A pledge of $400 million will draw scholars from around the world to Stanford University. Nike co-founder and chairman Philip Knight will contribute that amount to the Knight-Hennessy Scholars program, which is supported by a $750 million endowment. The fund will support 100 scholars annually. Scholars will be funded for at least three years of graduate-level work on issues of major global significance. The inaugural class will begin in the fall of 2018, and will comprise 50 scholars.
Displaced Syrian refugees receive scholarships for online studies
A Swiss foundation donated $1 million to a nonprofit U.S.-based online university, University of the People, to provide scholarships to 500 Syrian refugees. Although tuition at UoPeople is free, exam fees tally roughly $4000 over four years. As of February 22, UoPeople had accepted 100 applicants. Nearly half of the accepted students were residing in Syria; the remainder were in Turkey, Germany, and other countries. The school had received some 1,300 applications as of later February. An estimated 450,000 of the more than 4.5 million refugees who have fled Syria since the war began are university age.
The PIE News
NYC visa program seeks to retain international students and create jobs
The New York City Economic Development Corporation (NYCEDC) and the City University of New York (CUNY) launched a new initiative to help international entrepreneurs incubate local businesses. The program is designed to retain international students who have been educated locally. Up to 80 entrepreneurs will be selected to participate in the program. They are expected to create more than 700 local jobs within three years. New York City, which hosted 52,270 international students in the 2013-2014 school year, attracts the most international students of any metropolitan area in the U.S.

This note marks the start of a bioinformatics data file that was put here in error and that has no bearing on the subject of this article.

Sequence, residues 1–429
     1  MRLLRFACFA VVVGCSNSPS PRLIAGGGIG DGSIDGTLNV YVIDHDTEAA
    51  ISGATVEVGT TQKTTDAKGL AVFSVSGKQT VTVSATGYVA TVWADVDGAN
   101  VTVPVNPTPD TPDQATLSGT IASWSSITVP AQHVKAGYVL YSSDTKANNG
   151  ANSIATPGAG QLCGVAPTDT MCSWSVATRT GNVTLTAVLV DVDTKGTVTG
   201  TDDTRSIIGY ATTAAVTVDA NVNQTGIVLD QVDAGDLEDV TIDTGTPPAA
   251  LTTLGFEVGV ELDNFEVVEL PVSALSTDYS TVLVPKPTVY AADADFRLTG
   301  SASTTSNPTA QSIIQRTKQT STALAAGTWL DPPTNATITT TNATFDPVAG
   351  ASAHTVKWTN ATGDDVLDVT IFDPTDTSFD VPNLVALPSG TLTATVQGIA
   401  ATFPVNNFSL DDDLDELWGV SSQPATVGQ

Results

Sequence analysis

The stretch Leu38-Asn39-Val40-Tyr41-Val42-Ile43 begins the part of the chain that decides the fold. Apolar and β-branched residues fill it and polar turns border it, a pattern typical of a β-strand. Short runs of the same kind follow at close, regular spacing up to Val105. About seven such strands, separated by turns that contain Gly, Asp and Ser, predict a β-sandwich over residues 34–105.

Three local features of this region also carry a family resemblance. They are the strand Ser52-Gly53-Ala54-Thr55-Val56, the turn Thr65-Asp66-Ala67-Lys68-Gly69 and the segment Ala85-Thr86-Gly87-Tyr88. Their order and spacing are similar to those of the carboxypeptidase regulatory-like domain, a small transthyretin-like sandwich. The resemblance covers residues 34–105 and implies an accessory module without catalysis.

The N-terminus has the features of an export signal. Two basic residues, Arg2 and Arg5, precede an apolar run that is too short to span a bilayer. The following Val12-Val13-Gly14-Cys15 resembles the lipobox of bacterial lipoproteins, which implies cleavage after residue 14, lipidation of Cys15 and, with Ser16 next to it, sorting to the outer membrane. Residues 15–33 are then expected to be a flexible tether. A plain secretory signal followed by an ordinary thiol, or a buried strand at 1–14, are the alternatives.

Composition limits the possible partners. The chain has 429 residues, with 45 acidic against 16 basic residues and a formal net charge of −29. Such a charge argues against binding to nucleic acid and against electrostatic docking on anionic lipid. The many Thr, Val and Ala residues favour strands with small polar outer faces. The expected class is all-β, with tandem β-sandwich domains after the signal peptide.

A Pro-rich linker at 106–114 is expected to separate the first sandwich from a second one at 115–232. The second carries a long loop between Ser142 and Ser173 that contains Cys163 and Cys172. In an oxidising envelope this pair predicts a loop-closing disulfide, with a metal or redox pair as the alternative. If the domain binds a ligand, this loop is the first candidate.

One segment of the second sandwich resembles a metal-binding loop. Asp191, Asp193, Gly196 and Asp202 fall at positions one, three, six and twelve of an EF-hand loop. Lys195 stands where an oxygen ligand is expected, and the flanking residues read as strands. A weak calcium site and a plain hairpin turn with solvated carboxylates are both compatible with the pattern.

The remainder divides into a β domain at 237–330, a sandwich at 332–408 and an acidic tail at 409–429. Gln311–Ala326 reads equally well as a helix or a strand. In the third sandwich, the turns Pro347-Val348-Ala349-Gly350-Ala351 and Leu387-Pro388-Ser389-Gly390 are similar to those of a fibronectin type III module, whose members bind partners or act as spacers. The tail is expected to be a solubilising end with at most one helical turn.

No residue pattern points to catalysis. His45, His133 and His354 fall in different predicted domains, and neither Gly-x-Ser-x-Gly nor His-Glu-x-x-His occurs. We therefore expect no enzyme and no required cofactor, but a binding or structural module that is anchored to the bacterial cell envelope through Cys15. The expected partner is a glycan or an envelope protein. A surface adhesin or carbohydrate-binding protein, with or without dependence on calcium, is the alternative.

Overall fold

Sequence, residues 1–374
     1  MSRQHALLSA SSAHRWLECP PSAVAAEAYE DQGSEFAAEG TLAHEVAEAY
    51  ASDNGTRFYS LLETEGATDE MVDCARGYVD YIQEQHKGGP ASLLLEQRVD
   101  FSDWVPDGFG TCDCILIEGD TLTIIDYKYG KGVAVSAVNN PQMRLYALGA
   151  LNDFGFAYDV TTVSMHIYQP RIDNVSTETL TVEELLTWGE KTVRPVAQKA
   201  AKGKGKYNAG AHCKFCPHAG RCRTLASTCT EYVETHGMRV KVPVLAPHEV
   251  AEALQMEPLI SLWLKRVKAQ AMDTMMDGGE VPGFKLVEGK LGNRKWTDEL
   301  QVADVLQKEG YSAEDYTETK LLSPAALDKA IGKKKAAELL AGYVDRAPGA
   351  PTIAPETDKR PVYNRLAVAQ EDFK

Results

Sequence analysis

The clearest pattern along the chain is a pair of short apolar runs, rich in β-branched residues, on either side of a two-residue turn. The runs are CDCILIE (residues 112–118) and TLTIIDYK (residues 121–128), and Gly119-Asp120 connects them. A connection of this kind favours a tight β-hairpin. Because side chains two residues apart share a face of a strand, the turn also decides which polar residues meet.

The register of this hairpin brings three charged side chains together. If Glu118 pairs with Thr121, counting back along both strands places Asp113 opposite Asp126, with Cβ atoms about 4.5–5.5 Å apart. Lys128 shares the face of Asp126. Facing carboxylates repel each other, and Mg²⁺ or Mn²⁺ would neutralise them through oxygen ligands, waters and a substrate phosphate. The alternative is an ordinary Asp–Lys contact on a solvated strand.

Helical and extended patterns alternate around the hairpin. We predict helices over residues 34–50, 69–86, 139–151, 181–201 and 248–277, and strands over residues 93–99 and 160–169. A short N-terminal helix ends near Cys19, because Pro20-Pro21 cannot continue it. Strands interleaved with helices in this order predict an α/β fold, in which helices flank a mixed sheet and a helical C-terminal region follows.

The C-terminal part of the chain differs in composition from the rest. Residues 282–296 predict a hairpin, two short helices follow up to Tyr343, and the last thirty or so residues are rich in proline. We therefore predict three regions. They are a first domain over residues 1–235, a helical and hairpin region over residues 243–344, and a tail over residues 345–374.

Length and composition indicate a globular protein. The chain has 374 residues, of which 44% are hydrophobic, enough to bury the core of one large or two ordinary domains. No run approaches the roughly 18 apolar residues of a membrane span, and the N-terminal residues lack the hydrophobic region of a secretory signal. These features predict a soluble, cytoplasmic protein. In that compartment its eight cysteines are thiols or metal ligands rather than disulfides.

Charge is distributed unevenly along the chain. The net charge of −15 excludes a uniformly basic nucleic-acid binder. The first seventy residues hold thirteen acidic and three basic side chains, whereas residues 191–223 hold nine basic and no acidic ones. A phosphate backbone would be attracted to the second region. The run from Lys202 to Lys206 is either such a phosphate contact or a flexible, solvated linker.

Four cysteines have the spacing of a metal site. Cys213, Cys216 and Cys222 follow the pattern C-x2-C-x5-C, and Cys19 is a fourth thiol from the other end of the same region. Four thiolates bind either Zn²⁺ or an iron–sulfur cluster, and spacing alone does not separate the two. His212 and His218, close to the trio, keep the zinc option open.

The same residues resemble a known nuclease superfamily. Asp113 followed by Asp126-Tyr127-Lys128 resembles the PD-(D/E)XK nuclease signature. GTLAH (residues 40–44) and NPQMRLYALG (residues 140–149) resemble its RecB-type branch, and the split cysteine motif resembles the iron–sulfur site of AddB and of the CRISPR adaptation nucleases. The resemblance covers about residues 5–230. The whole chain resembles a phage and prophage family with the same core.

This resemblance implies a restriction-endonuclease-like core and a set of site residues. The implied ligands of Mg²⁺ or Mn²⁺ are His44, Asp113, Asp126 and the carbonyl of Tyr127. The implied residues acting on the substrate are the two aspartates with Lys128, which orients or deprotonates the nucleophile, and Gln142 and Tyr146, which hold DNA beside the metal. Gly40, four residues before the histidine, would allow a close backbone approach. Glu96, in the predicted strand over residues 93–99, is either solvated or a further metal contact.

Crain’s New York Business
Low costs lure American students to German universities
More than 10,000 U.S. students are studying in Germany—an increase of nine percent over the previous year and 25 percent over 2008-2009. Cost is likely a significant factor for these students: German universities in federal states are typically free for German citizens, as well as U.S. citizens. By contrast, college tuition in the U.S. has risen 500 percent since 1985 and shows no signs of stopping.With one of the world’s lowest fertility rates in the world, Germany views an investment in international students, including Americans, as an investment that will pay future dividends in the form of skilled workers.
Quebec considers cuts to university funding; looks to international tuitions to fill the gap
As the Quebec government contemplates significant cuts to higher education funding in the 2016-2017 school year, it has suggested that universities make up the difference with higher tuition for international students. Based on past experience, McGill students have expressed concerns about how deregulation will affect the international student community.